Which is unfortunately just right for this country at this time. In the 2000s, Stephen Colbert coined the term “truth” to describe the detachment of the right wing from objective facts, and some of us began to speak of living in an “alternate reality.”
How, we asked ourselves in newspaper columns and speeches, can we have meaningful discourse if we cannot agree on basic facts?
Years later, that concern feels too abstract. The threat is proving to be more urgent and urgent than any of us could have imagined.
Yes, some people live in alternative realities. What is worse, however, is when they have the power to impose these realities on us. We see this in Tennessee and elsewhere, and the results will be tragic as well as predictable and preventable.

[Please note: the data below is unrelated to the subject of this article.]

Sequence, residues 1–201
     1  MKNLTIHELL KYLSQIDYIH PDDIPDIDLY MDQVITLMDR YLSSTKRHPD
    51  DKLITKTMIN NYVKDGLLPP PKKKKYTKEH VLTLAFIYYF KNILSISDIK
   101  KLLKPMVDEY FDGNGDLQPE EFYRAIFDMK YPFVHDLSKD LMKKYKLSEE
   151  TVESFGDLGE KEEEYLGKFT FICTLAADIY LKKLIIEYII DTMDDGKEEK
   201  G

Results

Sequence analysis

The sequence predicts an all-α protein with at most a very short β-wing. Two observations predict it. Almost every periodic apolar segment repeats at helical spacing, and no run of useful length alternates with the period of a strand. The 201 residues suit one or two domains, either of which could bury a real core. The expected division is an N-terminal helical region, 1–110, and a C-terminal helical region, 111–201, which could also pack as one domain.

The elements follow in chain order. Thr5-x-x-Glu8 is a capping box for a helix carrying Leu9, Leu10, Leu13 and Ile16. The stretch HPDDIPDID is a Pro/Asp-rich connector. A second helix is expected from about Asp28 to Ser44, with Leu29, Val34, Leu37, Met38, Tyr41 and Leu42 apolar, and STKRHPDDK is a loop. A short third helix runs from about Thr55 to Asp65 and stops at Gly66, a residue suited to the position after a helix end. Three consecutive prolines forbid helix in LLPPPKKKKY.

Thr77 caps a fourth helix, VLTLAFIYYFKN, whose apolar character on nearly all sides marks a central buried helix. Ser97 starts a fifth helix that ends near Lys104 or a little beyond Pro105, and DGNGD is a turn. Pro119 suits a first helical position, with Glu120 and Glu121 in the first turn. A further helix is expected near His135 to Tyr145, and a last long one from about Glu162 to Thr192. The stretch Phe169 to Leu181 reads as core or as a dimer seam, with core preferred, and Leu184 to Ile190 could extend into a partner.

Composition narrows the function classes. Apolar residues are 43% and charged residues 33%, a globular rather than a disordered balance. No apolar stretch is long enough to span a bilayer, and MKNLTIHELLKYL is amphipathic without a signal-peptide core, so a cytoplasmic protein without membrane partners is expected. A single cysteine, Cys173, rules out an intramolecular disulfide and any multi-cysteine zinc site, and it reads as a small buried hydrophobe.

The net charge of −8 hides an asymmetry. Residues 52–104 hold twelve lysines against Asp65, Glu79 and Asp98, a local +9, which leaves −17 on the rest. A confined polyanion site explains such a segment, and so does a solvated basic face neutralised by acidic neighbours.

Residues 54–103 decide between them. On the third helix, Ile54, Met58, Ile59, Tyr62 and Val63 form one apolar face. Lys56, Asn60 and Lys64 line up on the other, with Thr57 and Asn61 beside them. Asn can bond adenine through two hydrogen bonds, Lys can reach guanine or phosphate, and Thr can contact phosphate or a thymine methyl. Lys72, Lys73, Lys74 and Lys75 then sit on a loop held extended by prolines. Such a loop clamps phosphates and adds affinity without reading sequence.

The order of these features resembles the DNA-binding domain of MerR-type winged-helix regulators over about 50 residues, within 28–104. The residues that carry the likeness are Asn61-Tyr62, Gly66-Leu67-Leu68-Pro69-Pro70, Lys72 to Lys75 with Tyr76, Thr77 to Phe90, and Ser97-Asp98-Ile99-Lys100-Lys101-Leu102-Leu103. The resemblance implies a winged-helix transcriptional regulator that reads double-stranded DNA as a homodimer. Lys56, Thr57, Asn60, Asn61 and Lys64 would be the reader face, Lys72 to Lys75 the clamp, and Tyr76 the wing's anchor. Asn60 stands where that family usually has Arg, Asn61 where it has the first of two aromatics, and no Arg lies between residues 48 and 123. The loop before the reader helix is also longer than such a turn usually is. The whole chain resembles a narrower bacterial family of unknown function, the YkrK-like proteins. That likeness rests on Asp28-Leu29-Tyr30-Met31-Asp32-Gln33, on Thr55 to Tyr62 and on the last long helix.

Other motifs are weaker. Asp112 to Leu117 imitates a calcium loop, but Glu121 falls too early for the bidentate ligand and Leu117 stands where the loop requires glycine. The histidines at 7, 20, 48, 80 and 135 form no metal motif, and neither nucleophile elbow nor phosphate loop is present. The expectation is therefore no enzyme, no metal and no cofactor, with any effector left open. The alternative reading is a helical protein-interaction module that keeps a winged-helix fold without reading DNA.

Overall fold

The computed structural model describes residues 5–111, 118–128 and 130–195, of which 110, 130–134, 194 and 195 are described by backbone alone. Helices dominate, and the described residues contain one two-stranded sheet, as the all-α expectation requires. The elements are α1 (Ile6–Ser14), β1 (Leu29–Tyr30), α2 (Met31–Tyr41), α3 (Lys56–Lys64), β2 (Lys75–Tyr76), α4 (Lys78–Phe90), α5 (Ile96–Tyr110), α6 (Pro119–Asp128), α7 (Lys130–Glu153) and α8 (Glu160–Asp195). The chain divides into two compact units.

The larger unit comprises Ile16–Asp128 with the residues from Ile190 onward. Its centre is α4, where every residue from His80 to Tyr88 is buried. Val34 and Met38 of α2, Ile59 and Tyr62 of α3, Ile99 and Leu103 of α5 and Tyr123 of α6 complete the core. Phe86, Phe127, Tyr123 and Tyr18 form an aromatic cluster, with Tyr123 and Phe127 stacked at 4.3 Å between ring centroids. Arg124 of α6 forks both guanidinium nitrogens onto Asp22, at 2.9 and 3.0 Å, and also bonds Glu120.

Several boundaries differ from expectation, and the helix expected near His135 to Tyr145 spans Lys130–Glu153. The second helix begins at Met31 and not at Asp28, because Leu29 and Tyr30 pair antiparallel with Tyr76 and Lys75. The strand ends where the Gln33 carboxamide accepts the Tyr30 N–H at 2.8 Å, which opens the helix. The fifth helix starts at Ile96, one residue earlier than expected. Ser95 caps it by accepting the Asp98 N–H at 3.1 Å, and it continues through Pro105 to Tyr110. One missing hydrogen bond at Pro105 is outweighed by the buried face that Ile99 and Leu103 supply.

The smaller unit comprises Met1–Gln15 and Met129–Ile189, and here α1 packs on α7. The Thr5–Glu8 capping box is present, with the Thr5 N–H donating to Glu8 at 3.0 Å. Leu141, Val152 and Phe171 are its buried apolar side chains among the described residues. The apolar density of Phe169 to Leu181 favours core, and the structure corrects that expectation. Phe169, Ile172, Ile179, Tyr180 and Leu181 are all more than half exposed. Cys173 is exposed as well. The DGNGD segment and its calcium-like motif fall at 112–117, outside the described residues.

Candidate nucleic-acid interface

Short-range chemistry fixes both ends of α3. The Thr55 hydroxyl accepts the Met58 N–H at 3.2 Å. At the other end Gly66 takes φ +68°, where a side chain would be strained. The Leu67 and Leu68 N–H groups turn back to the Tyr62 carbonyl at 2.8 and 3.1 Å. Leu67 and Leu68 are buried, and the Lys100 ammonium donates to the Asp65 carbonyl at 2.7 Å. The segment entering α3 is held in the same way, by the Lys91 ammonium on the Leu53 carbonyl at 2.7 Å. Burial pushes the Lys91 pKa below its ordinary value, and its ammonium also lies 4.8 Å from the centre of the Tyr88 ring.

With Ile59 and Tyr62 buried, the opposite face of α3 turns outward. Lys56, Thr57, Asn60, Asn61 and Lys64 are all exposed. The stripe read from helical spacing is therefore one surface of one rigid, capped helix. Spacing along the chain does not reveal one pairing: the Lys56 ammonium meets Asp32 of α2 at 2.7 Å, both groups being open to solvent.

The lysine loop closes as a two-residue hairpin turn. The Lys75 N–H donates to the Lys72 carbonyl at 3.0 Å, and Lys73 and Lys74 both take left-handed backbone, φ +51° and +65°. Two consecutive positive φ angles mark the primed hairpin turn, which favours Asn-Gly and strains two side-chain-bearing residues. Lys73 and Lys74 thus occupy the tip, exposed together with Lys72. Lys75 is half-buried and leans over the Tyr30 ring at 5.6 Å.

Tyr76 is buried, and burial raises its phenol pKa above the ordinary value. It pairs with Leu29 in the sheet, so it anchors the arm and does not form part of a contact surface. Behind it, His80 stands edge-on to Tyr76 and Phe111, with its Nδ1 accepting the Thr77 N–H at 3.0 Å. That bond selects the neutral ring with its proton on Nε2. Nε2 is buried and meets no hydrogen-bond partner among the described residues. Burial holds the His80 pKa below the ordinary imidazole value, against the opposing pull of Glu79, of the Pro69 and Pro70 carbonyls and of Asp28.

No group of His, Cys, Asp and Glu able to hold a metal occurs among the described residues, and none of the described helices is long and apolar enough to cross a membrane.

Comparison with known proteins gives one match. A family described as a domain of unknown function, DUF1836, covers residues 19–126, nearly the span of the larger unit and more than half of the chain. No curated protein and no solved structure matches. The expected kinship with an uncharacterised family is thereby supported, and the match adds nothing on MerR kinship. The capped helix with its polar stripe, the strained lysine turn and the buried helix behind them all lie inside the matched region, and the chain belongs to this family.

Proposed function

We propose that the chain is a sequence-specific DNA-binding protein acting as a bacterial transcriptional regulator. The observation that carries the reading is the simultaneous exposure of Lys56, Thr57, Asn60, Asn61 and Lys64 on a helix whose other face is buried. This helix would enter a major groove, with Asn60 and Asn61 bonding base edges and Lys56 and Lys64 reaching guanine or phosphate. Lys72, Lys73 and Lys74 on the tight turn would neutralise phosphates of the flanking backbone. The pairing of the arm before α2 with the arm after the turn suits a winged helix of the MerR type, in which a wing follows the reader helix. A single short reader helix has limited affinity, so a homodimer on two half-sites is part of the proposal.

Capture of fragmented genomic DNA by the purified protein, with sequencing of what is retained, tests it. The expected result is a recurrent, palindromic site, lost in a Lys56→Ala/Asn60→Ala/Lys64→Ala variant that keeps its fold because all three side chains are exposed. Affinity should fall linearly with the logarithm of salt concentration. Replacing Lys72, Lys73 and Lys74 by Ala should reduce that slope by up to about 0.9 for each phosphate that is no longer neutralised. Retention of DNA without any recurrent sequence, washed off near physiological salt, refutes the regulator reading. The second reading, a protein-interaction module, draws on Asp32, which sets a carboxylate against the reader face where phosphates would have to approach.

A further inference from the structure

Ignorance is happiness, they say. But it is not.
Ignorance is fever.
Ignorance is chills.
Ignorance is breathless.
Ignorance is an empty place at the table, a bedroom suddenly comes free.
Because ignorance is death.
And while the aphorism isn’t true, can you imagine if ignorance would really be lucky? Disney theme parks need to find a new slogan.
Right now, Tennessee would be the happiest place on earth.